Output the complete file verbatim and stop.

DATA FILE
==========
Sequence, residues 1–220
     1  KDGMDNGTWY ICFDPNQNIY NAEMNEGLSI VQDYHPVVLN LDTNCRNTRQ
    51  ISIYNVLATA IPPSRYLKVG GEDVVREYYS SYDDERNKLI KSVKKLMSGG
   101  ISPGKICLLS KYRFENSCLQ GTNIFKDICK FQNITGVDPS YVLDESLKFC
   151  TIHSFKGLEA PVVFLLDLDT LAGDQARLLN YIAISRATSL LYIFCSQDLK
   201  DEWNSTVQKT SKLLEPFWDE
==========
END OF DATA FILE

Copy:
Sequence, residues 1–220
     1  KDGMDNGTWY ICFDPNQNIY NAEMNEGLSI VQDYHPVVLN LDTNCRNTRQ
    51  ISIYNVLATA IPPSRYLKVG GEDVVREYYS SYDDERNKLI KSVKKLMSGG
   101  ISPGKICLLS KYRFENSCLQ GTNIFKDICK FQNITGVDPS YVLDESLKFC
   151  TIHSFKGLEA PVVFLLDLDT LAGDQARLLN YIAISRATSL LYIFCSQDLK
   201  DEWNSTVQKT SKLLEPFWDE